Or hike the tougher Grysbok Trail (15km, 5-6 hours) which takes you out of the forest and into the open along paths where you can see fynbos, sunbirds and wonderful mountain views. Both these hikes are also available to day visitors but you must get a permit from the reception office first.
In the forest there are two bird hides worth spending some time in. One is along the Melkhoutpad, about 500m from the reserve road. The other is a triple-storey hide along the Bosbokrand path where you have to climb wooden stairs inside to get to the viewing platform. Both are marked on the map you get when you sign in at reception.
4. Read up in your butterfly and frog guides before your visit, so you can look out for the forest emperor butterfly and a subspecies of the rare ghost frog which occur only here in this forest.
There’s also a pool near the cottages (see ‘accommodation’ below) and another is soon to be built near the campsite and glamping tents.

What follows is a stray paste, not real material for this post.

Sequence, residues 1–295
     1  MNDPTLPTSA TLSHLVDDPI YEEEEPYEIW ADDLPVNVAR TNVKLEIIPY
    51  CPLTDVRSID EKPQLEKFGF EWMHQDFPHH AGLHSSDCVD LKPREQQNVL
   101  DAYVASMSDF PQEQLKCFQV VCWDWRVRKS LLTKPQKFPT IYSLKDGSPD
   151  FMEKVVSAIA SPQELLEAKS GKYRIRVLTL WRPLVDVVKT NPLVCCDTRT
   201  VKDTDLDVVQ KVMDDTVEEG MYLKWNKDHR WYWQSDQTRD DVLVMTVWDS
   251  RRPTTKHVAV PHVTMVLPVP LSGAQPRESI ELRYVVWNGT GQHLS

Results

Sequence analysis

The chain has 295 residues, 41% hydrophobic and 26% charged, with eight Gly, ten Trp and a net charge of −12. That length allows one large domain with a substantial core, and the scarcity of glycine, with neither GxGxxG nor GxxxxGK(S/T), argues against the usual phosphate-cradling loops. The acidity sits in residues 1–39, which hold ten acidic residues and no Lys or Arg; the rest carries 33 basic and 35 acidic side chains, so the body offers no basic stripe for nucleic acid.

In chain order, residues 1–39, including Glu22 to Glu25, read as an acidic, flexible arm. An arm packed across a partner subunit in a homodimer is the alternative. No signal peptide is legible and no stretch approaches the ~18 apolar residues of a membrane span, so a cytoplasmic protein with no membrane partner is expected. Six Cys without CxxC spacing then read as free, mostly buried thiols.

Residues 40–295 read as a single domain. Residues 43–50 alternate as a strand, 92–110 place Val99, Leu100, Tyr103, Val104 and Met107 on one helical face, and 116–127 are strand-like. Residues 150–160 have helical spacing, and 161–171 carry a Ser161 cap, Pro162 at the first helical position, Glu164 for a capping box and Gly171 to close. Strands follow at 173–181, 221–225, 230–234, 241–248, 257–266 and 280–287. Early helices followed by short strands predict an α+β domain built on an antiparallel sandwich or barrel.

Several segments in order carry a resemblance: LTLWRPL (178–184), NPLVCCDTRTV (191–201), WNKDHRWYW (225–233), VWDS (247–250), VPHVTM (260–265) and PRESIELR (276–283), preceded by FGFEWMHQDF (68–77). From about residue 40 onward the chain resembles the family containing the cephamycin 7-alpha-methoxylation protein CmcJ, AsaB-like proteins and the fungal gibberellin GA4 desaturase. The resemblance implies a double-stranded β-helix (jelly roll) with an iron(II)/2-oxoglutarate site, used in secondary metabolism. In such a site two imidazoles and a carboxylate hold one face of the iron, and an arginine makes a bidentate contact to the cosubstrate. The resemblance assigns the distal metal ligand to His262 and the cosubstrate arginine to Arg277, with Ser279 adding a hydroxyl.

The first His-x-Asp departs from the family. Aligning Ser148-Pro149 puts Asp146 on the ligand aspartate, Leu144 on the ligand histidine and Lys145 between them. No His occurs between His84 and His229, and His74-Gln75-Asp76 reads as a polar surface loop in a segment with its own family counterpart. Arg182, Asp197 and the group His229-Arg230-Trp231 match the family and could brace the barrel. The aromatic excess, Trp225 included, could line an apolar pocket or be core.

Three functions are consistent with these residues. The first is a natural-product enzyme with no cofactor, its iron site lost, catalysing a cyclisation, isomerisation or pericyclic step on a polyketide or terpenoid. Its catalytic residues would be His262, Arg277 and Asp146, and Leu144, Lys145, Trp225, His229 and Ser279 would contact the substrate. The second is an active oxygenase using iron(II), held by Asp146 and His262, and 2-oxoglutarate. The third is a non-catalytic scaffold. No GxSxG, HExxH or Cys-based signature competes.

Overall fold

There’s also a number of mtb trails on the Grootvadersbosch Conservancy next door. Either stop to get a permit at the Conservancy office just before you enter the nature reserve (although it’s not clearly signposted) or ask at CapeNature’s reception exactly where to find it.
8. Plans are afoot to construct a raised boardwalk or ‘skywalk’ in the forest to link the two bird hides and the copse of redwoods. That will extend your time up in the tree canopy and I for one am looking forward to it. I don’t know when this will be completed, but was told it’s a medium-term project, with the glamping tents and a swimming pool near the campsite to be completed first.